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April 28, 2009

Dual submission - posters and conferences

As conferences experiment with new forms of presentation and formats, the old topic of dual submission deserves new attention.

Here, I am only concerned with concurrent submissions of the same or similar material to two conferences, i.e., submitting a paper covering the same ground to another venue while the first submission is still under review. While most authors would consider submission of the same full paper to two conferences to be clearly out of bounds, there has been less consensus on other scenarios, e.g., submitting a paper to a workshop as a poster submission and, concurrently, to a conference as a regular paper.

I don't think it much matters that a poster presentation has a different format and maybe a shorter representation in the proceedings. What matters is the core technical content, whether some implementation details and graphs are omitted or not.

This discussion is made more complicated by the fact that the treatment of poster submissions, in general, differs greatly between conferences. Some subject such submissions to very limited review, e.g., the student posters at CoNext, while others are reviewed at the same depth as regular papers. For some conferences, some sessions are more or less randomly designated as poster sessions, while others feature oral presentation, with Globecom being one such example. Other conferences move papers that fall just below the cut-off into poster sessions, converting them to short papers. Finally, the proceeding version of a regular and poster paper may be the same or the poster paper may get a one-paragraph abstract - and anything in between. With these distinctions, it is too simple to assume that all posters represent very early work.

One could argue that presentations in multiple venues ensures that good work gets to be known, particularly as the community is increasingly fragmented into ever more narrowly-targeted conferences.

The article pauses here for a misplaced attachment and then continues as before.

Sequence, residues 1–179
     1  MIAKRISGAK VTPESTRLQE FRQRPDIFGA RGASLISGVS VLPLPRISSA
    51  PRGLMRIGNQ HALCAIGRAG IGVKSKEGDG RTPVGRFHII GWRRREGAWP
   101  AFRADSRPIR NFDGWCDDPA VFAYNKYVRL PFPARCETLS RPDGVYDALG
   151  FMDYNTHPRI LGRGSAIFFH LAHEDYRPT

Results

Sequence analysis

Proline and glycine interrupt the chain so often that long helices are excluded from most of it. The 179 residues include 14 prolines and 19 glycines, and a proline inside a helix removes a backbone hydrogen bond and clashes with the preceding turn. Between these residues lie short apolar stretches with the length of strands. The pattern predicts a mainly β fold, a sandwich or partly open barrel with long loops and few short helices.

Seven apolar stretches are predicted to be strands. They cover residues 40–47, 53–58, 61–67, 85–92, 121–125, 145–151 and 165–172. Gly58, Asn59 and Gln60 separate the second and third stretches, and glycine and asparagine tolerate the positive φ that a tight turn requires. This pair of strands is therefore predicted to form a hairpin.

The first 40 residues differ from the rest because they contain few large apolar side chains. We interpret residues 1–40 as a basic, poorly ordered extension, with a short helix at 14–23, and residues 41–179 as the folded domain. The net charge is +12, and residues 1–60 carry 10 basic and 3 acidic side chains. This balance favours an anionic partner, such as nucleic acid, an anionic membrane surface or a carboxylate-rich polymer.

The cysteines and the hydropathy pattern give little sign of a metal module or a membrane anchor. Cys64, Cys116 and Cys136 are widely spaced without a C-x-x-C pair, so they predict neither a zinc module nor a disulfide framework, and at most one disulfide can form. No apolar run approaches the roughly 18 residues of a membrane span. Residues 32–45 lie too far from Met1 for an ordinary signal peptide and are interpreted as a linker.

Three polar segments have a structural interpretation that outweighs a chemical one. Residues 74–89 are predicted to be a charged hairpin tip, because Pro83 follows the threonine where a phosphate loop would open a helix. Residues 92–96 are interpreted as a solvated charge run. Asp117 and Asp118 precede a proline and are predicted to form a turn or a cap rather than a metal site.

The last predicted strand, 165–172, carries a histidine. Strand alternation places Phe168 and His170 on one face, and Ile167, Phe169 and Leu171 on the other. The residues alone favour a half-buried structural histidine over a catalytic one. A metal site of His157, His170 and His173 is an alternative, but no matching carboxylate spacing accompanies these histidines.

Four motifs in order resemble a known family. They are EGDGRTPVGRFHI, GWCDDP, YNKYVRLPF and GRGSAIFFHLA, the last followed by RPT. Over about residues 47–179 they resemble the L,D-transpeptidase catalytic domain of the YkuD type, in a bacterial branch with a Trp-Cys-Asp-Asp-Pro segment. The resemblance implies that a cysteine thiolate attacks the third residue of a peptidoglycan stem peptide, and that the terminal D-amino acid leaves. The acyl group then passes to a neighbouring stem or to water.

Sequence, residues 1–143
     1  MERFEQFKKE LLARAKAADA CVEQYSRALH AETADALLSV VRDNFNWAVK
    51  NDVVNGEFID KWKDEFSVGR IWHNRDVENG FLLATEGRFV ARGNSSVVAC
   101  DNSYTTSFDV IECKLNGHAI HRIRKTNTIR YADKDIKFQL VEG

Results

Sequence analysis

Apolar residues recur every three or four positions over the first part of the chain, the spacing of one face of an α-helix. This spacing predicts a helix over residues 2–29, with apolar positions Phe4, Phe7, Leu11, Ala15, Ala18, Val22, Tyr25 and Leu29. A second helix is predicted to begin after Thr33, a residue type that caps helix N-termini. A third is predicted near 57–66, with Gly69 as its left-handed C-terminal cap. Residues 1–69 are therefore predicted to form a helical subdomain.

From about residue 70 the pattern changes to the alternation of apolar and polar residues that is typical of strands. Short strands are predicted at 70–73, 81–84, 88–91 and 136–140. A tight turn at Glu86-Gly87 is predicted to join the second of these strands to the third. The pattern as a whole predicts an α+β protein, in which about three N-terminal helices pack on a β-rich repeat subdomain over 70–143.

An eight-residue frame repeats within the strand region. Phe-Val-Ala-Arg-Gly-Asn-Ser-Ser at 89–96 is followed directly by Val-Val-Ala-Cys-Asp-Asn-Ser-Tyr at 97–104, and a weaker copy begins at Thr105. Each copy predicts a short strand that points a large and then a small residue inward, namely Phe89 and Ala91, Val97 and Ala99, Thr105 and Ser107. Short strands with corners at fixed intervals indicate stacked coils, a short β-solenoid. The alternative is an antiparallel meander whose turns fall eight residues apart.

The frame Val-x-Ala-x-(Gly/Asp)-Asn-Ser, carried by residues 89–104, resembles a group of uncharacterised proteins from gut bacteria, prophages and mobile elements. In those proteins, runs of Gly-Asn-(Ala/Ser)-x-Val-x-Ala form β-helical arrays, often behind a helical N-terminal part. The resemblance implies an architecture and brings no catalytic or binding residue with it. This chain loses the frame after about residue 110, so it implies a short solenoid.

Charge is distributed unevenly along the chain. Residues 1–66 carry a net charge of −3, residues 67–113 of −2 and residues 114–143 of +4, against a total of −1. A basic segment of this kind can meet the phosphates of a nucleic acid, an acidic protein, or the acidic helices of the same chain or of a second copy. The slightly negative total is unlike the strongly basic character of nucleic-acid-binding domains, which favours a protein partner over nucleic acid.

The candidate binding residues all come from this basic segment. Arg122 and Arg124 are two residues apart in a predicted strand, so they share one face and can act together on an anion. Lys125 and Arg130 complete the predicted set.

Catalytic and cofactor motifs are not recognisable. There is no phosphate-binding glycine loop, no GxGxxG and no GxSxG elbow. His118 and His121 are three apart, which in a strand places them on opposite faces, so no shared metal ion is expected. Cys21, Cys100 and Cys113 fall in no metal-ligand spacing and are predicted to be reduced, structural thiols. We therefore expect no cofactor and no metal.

Before considering this specific case, it might be worth going back to the question of why the community, in general, frowns upon double submission. I can think of four reasons:

(1) Avoid wasting reviewer resources, as we don't want to have very similar technical content reviewed six or more times, without the author having had a chance to incorporate the earlier feedback.

(2) Avoid "double credit" - authors shouldn't pad their publication count by republishing essentially the same content except under well-recognized circumstances.

(3) Listener boredom - nobody wants to attend a conference where half the presentations are re-runs.

(4) Wastes trees and library shelf space - why print the same or very similar material twice?

I believe that the last three reasons have become somewhat less important, and listener boredom doesn't factor if one of the formats is a poster, since the attendee can easily skip a poster that represents work they are already familiar with.

This leaves the first reason. Good reviewers remain a scarce resource, and we should husband such resources. Thus, I believe that, in general, such concurrent submissions are something we do not want to encourage or permit. Once it becomes known that such concurrent submissions are acceptable, there will be a strong temptation of more and more authors to submit papers to as many conferences as possible. However, if the poster does not consume any or minimal reviewer resources, the objections seem less strong. We routinely expect work under submission at a conference to be presented as posters at various local events, such as industrial affiliate or grad student research fairs, for example.

Recognizing that this may cause some confusion, one reasonable approach may be to clearly designate minimal-review poster sessions as such and for the poster event to indicate whether material under concurrent review elsewhere is acceptable for submission. The default assumption should be that it is not. Authors should also be encouraged by the conference organizers to cite such "publications" appropriately, such as "Conference X work-in-progress poster session" or "Conference X PhD research overview".

Any such policy should be coordinated with other organizations, such as TCCC. In particular, IEEE Infocom has a long-standing double submissions policy [http://www.comsoc.org/confs/ieee-infocom/policy.html] that is not entirely clear on this particular scenario.